A couple of weeks ago when Pope Francis made his most recent comments about valid marriages, I was busy making preparations for my sister’s wedding. I read the commentary surrounding it, and discussed it with my husband, but mostly I thought about the upcoming wedding of my sister and her now husband.
They were married in a beautiful Catholic wedding at the Cathedral
Basilica in St. Louis, which was a long awaited event on both sides of
the family as the bride and the groom had both been hoping and praying
to find someone to marry for several years. And that made the event all
the more joyful as they were surrounded by many nieces and nephews and
family and friends who were so happy for them.
During the liturgy leading up to their vows, it struck me how Christ and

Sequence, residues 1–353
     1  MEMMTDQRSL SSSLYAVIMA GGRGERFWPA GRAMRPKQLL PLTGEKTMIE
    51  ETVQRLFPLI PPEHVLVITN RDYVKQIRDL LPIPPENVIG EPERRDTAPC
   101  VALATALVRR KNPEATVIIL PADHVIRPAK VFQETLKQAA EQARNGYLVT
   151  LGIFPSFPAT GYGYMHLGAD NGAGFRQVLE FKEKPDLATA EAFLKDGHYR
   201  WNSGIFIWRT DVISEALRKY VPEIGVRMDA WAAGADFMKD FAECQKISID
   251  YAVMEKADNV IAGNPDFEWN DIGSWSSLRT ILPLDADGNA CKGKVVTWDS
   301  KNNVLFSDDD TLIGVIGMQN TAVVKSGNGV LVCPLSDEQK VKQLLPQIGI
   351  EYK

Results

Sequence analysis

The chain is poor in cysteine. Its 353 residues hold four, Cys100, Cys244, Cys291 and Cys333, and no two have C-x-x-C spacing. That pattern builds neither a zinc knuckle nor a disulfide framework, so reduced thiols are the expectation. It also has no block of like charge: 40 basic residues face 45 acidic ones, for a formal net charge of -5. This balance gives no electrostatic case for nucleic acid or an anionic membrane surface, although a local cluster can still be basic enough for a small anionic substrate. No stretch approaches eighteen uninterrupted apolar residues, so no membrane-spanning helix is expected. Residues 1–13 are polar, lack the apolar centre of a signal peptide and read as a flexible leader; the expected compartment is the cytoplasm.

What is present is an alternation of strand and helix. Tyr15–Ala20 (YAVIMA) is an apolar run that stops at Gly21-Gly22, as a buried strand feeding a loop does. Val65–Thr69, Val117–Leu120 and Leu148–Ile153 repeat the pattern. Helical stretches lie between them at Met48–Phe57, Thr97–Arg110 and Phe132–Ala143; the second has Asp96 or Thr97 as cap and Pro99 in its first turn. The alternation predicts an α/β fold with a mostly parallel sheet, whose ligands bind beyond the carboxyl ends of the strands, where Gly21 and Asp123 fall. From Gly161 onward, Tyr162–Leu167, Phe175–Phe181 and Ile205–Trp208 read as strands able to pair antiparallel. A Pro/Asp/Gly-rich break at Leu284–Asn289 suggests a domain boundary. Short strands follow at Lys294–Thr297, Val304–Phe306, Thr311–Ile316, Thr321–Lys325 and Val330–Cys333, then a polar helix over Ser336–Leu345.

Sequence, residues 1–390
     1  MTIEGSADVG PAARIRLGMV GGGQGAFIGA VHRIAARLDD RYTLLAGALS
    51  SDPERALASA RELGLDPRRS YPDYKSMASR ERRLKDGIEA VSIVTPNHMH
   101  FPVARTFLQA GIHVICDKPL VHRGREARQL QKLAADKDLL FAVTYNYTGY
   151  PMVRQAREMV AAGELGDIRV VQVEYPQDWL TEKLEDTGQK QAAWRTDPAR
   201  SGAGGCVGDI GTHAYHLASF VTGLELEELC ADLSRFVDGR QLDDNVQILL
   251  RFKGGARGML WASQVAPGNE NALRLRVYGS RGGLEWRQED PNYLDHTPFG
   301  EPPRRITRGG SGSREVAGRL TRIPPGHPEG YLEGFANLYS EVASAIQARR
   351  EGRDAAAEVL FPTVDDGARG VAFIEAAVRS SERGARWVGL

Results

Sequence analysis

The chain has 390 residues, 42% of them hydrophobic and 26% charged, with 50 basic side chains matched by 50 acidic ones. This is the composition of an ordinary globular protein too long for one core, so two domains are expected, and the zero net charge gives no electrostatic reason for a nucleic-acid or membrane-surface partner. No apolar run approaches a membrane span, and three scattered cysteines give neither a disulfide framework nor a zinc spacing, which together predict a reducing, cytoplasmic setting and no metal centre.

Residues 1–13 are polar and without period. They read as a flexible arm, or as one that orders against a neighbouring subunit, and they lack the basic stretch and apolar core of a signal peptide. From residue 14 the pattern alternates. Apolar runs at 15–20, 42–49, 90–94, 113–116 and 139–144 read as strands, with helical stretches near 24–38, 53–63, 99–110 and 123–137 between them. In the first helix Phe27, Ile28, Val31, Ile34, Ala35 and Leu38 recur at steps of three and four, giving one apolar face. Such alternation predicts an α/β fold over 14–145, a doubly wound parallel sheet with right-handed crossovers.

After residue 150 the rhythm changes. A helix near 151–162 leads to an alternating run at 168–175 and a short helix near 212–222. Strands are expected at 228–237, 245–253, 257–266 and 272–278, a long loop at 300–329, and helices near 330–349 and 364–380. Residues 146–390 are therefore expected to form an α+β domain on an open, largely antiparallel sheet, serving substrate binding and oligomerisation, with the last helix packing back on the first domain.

the Church made the Sacrament of Marriage something that one could not enter into unknowingly if one paid attention to the words being spoken.
One who has been to Catholic weddings may recall how the priest or
deacon presiding over the vows asks the bride and the groom three
things: (1) if they have come to be married freely and without
reservation, (2) if they will love and honor each other as man and wife
for the rest of their lives, and (3) if they will accept children
lovingly from God. Here before the vows can even be made the conditions
are laid down for a valid marriage.